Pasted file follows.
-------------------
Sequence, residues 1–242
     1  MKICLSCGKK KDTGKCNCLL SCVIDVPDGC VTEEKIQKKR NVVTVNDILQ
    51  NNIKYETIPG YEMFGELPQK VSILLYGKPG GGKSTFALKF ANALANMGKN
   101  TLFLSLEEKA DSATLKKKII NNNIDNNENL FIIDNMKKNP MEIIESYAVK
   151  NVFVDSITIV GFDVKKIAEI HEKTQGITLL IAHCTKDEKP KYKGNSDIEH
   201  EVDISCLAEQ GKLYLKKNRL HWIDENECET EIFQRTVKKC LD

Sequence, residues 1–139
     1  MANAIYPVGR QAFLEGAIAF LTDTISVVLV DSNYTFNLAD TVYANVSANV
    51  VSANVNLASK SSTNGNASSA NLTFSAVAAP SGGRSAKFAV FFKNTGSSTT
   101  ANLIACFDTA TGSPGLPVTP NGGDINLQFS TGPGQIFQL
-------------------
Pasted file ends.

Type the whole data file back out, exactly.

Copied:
Sequence, residues 1–242
     1  MKICLSCGKK KDTGKCNCLL SCVIDVPDGC VTEEKIQKKR NVVTVNDILQ
    51  NNIKYETIPG YEMFGELPQK VSILLYGKPG GGKSTFALKF ANALANMGKN
   101  TLFLSLEEKA DSATLKKKII NNNIDNNENL FIIDNMKKNP MEIIESYAVK
   151  NVFVDSITIV GFDVKKIAEI HEKTQGITLL IAHCTKDEKP KYKGNSDIEH
   201  EVDISCLAEQ GKLYLKKNRL HWIDENECET EIFQRTVKKC LD

Sequence, residues 1–139
     1  MANAIYPVGR QAFLEGAIAF LTDTISVVLV DSNYTFNLAD TVYANVSANV
    51  VSANVNLASK SSTNGNASSA NLTFSAVAAP SGGRSAKFAV FFKNTGSSTT
   101  ANLIACFDTA TGSPGLPVTP NGGDINLQFS TGPGQIFQL